How to Host a Summer Writer’s Workshop

How to Host a Summer Writer's Workshop

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Summer is officially underway at our house. We’ve finished up our year end testing, the school reports have all been submitted, and our Letters of Intent to Homeschool the next academic year have been sent. It’s break time! While we are not year round schoolers, I do use the summer to focus on a skill area which could use some practice. Usually it’s math, but this summer we are writing. It’s a family affair! I’ve come up with a bunch of ways to have fun with this and maybe you’ll want to join us in How to Host a Summer Writer’s Workshop.

Using a Writer’s Workshop Format

Writer’s workshops can be organized in a few different ways, but generally they involve a short teaching time which focuses on a skill or strategy followed by time to write. We’ve been using the time to try out different sorts of writing with a big emphasis on sharing. This has been a successful format for us, but it appeals to a particular type of writer. This summer the plan is to:

  • Meet weekly for a family workshop– Each week we’ll meet to play some word games, try out some writing explorations, and share our writing. Since there are 5 of us meeting, that’s a good little group and it will help some siblings to practice giving positive feedback to one another.
  • Establish a new group of writers– We had a writer’s workshop meeting for about a year and a half, but a winter full of illness suggested that we slow things down. We’d like to form a new group and begin meeting again. We have some ideas which will bring us writers of varying styles. If getting together seems too difficult, I’m considering some remote meeting possibilities.

Elementary Summer Writing Skills

Joshua is our incoming 5th grader and he’s working on more consistency in his writing. He is talented when he feels like taking the time and distracted when he’s not. He does respond well to varying the activities which focus on writing skills. Here are a few ideas brewing for his summer workshop:

  • Writing Fan Fiction– He’s a big fan of Redwall and has written fan fiction for Life of Fred books, but this time he’s working on a story about an inventor in the Redwall books. He’s the inventor, of course, and he’s got plans. This is one he’s typing out right into the computer and adds to the story regularly.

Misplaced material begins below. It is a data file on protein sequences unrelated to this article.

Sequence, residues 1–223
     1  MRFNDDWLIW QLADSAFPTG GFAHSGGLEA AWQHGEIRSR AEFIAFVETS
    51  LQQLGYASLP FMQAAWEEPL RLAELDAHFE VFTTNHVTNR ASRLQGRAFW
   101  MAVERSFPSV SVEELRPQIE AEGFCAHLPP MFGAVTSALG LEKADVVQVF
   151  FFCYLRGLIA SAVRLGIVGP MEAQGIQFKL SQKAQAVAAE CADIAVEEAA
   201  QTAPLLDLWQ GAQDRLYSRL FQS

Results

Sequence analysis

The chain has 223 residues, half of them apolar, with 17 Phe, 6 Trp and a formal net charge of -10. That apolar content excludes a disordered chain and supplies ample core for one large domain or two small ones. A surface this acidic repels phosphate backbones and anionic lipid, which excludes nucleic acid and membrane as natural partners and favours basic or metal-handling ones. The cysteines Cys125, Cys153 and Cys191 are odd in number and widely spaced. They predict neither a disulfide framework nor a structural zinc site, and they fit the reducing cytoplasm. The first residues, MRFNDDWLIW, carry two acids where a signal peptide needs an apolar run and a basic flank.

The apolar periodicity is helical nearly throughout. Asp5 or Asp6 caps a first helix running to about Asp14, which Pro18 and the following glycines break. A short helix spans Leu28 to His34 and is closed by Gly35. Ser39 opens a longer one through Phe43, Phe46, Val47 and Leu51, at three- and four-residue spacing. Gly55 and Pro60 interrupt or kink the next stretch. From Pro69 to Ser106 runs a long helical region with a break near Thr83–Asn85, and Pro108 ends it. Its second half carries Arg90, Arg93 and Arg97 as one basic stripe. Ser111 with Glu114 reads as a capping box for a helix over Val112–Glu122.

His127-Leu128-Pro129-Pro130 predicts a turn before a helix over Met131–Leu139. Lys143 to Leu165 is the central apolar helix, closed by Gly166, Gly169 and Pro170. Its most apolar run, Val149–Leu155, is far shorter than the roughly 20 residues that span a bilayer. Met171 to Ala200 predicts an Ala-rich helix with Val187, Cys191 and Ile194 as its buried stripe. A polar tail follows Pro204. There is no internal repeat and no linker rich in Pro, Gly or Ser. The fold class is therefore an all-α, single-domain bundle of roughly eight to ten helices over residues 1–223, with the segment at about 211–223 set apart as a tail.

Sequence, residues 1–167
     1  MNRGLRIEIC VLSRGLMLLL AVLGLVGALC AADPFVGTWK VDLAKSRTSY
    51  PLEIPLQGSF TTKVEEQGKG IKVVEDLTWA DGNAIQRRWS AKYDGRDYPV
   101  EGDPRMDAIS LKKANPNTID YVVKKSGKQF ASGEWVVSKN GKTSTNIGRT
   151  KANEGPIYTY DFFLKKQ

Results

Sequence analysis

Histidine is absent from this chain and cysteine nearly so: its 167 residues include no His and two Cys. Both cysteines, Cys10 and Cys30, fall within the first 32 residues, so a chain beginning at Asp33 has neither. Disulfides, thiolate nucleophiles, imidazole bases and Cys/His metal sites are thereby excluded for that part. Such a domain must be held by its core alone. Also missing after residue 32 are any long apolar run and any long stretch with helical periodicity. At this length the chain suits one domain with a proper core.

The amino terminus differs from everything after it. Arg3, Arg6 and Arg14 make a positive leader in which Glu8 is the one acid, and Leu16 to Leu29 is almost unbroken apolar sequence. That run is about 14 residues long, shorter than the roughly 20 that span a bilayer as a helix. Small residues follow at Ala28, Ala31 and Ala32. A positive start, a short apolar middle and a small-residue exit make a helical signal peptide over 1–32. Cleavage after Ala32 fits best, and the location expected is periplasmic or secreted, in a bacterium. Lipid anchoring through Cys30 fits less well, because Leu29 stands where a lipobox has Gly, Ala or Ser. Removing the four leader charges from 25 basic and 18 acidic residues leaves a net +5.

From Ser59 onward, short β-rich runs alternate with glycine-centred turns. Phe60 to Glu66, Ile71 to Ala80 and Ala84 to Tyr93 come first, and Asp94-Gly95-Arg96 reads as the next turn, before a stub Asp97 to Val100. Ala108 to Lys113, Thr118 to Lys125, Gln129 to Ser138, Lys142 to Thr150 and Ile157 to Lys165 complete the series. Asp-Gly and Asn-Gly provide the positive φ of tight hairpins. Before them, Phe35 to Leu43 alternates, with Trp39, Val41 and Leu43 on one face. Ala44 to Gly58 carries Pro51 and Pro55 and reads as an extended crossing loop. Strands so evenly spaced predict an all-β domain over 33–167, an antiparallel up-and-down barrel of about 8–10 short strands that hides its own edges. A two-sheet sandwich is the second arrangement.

• Using Copywork– We used copywork often when our kids were younger, but it has value as students get older. Copying good writing has its own value and practicing handwriting without the extra task of creating the writing makes for better focus on the mechanics of writing.
  • Practicing Dictation– I like to use dictation to hone skills which need work pulling from stories that he likes a lot.
  • Playing Word Games– Scrabble, Boggle, You’ve Been Sentenced, and Scattergories are all great games to bring the fun to words. Do you need more word game ideas? Try 100 Family Games for Kids of All Ages and scroll to the word game category for the ultimate list.
  • Book Check In (aka Narration)– He loves to chat about the book he’s reading and this gives me a chance to hear what he thinks about his books. I highly recommend this method. It beats other forms of reading comprehension. A lot of times narration is good fodder for writing prompts or you can just listen to the oral explanation.

How to Host a Summer Writer's Workshop

Middle School Summer Writing

Our new 8th grader will be working on getting more versatile in his writing. Some ideas for him include:

  • Find a Little Inspiration by Reading– I have in mind the book, Guy Write What Every Guy Writer Needs to Know by Ralph Fletcher. This is a book about boy writing. Perfect for this quintessential adventuring boy of ours.
  • Word Games– Keeping the vocabulary nimble and working with words without requiring writing them down.
  • Dictation– Specifically to hone in on the things I know he needs work on.
  • Writing Exploration– Simple writing exercises which are fun to think about. They can be lists, descriptions, captions, etc.

High School Summer Writing

Our high schoolers will be a senior and a sophomore this year. In case you’ve forgotten the class structure lingo that’s a 12th and 10th grader. Where has the time gone?! Ethan, our senior, is an engaged writer and plans to major in professional writing with the goal of being a technical writer (with a minor in computer science or math!). His writing focus this summer is mostly aimed at helping him achieve some personal goals in writing. Rebecca, our upcoming sophomore, will be working on a variety of skills. Here is a sampling: